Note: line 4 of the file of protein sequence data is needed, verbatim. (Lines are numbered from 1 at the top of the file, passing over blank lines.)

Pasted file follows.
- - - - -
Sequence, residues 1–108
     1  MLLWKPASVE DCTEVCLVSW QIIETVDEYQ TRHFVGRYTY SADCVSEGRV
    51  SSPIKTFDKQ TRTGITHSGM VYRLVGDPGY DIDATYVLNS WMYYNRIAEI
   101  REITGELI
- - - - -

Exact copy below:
   101  REITGELI